Should Adaptive Difficulty Be The Future Of Video Games?
One of the most contentious issues to be found in gaming is the question of difficulty. In the modern industry there is the necessity of catering to the casuals with easy access and playability, which has led many gamers, such as our own Dave Bouchard, to question whether they are too easy. Of course, many games give players the ability to select their own difficulty settings, which usually does little more than ramp up the accuracy, dealt damage and health of enemies (or similar statistics depending on the genre being played), but this leaves me questioning if there isn’t a better way. As often as not, higher difficulty settings rely on cheapness to present a challenge to players, detracting from the fun and ultimate satisfaction garnered from testing oneself at those levels, but how could this be combated?
In my eyes, the best way has not yet really been achieved in any game that I have played. The natural progression for any game is for it to become harder, according to the developer’s intention, as you proceed through. Nowadays, this comes about by increasing the odds, rather than through intelligent level design, but this is more the fault of the popularity of certain genres. Open world games, first person shooters, non-progressive racers and their ilk are simply not conducive to such an alteration, while platformers and puzzlers are. Both strategies require the same processes, though, and this, I feel, is the point at which the design falls apart, as there is simply no way for the actual skills of the player to have an affect on what they are being faced with.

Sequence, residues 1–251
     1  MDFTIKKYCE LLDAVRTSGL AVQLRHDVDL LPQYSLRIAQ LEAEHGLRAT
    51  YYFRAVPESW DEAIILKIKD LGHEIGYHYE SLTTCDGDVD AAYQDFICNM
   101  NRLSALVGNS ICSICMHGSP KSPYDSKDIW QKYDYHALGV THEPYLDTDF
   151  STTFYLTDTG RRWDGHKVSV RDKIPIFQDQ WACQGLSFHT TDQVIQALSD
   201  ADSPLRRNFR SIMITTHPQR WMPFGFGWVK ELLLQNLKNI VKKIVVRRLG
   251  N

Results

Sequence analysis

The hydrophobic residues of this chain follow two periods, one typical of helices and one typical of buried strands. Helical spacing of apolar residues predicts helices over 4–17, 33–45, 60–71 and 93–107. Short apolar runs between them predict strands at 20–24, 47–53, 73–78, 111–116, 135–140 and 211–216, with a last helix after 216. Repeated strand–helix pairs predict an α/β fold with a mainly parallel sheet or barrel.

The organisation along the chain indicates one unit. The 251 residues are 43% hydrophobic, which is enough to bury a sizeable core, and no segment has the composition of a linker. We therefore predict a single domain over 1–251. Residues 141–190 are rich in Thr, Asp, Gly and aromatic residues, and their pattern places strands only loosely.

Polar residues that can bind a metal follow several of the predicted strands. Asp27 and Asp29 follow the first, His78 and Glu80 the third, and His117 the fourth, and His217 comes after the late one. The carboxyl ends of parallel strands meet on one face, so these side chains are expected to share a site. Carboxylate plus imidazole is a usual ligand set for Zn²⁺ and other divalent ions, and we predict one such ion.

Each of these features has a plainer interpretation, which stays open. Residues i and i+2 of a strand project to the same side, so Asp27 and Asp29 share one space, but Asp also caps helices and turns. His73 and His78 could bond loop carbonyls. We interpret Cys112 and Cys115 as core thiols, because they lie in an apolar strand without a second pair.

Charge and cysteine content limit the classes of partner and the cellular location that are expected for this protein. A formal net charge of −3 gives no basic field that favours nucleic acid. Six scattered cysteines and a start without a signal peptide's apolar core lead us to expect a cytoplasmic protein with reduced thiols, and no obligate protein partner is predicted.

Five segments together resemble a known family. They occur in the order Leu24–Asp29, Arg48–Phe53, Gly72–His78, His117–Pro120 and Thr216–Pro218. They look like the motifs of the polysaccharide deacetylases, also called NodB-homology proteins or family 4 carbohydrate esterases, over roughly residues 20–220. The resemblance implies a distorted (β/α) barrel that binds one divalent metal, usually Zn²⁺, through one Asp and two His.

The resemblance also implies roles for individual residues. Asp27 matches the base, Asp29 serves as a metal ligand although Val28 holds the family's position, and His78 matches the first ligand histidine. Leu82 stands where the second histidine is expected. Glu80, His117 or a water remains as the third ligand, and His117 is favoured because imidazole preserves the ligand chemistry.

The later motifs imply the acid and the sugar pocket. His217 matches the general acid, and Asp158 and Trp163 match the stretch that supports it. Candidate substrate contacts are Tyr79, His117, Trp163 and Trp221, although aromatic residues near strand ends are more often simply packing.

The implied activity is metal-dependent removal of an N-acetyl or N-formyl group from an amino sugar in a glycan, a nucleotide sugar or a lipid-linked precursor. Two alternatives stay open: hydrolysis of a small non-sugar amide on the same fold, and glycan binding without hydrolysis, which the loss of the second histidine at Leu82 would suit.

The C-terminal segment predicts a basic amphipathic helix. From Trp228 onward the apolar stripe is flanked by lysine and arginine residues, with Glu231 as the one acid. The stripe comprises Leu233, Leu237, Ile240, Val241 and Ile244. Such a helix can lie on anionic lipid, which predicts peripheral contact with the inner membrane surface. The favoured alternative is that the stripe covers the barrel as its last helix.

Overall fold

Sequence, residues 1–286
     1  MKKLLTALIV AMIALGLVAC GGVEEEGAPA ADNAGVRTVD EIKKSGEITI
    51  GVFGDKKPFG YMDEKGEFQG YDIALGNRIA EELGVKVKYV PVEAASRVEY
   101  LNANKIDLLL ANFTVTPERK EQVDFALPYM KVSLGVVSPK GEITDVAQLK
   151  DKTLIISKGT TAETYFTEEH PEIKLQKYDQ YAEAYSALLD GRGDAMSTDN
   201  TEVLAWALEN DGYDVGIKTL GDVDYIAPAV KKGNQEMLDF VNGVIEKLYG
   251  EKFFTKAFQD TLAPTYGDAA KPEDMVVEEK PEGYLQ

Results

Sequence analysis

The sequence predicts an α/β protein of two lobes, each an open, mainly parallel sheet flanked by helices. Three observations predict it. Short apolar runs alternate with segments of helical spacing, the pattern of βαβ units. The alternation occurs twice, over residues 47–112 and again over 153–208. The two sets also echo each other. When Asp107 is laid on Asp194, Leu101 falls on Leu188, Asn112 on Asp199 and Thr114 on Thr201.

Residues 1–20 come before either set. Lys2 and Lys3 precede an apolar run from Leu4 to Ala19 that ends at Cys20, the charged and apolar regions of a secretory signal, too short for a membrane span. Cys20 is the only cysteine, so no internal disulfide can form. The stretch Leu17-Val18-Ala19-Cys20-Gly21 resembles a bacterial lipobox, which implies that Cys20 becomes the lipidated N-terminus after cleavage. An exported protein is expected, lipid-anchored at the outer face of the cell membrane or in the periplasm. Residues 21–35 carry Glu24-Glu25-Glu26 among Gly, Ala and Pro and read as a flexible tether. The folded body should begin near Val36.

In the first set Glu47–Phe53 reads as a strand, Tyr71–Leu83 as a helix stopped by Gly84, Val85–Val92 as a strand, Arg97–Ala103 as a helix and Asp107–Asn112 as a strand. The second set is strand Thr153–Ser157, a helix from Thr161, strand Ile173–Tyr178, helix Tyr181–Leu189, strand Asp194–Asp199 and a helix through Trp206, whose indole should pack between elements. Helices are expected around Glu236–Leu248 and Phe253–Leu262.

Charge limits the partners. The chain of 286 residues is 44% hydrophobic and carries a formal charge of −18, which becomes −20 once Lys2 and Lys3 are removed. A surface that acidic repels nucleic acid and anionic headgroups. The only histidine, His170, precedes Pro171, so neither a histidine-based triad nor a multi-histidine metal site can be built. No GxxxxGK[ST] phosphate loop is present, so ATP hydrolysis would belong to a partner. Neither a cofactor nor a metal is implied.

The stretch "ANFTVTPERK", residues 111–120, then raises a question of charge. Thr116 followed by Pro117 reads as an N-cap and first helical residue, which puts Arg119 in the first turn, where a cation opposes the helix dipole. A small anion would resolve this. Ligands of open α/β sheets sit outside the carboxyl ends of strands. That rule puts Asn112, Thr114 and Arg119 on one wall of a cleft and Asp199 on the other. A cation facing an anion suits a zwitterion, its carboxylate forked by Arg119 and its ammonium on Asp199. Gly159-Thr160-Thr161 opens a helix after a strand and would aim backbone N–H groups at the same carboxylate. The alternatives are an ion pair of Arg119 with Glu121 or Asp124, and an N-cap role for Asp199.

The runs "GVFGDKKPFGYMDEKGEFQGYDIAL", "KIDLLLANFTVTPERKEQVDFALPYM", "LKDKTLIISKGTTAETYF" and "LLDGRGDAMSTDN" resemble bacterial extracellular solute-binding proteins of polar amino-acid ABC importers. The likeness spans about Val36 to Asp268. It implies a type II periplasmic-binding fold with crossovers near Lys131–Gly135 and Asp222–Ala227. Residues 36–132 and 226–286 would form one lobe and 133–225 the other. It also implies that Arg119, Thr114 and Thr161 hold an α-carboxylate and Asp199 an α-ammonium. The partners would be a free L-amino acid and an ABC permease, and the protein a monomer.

This has led me to believe that adaptive difficulty should become a standard in games moving forward. In saying that, I’m not sure that it is even possible to create the kind of system that I envision, even though it is a relatively simple concept. Rather than the developer setting up spawn points, attack patterns and specific amounts of damage, imagine if it were all created on the fly, dependent on the way that you are currently playing the game. Similarly, the artificial intelligence would be scaled to your play style, setting themselves up as targets if you are inexperienced, while using flanking tactics, cover and a variety of weapons if you are experienced. Of course, this example is based around shooter gameplay, but racing games, and even platformers could alter themselves in such a way as to cater to the player at hand.
The precedent has already been set in online games through matchmaking, which aims to pit gamers of similar skill levels against each other. Moving the idea offline is a different matter.
I cannot deny that RPGs have often adopted something similar to what I am suggesting, but the key difference is that they alter the enemy types and damage dealt by them depending more on the skill of the character than that of the player. Of course, in many instances, the two are intrinsically linked, but experience can be gained regardless of how well the player is playing, thus creating a disconnection between the two. It needs to be based around the skill of the player.
Tailoring the game to read and adapt to your ability of play would be no easy task, as evidenced by the fact that there is barely a game out there that does it, however, with the ever growing convergence between hardcore gaming and the mainstream, it seems to be the most appropriate way to engage players of all different levels. Moreover, we all expect a leap of some form in the next generation, and it will almost certainly not come in the form of graphical computation. Why not, instead, focus on altering one of the core concepts of game designs since the very beginning.
While I highly doubt that this will happen, the possibilities are amazing and the ramifications for the industry going forward, I feel, would force some developers to rethink everything that they’ve done so far.